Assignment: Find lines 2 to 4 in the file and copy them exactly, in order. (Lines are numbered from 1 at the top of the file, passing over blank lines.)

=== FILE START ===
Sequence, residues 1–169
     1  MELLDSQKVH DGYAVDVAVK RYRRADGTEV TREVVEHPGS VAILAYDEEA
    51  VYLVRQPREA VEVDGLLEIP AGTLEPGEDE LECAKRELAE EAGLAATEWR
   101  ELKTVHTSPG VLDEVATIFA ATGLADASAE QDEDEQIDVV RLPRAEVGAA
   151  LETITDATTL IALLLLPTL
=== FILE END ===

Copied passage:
     1  MELLDSQKVH DGYAVDVAVK RYRRADGTEV TREVVEHPGS VAILAYDEEA
    51  VYLVRQPREA VEVDGLLEIP AGTLEPGEDE LECAKRELAE EAGLAATEWR
   101  ELKTVHTSPG VLDEVATIFA ATGLADASAE QDEDEQIDVV RLPRAEVGAA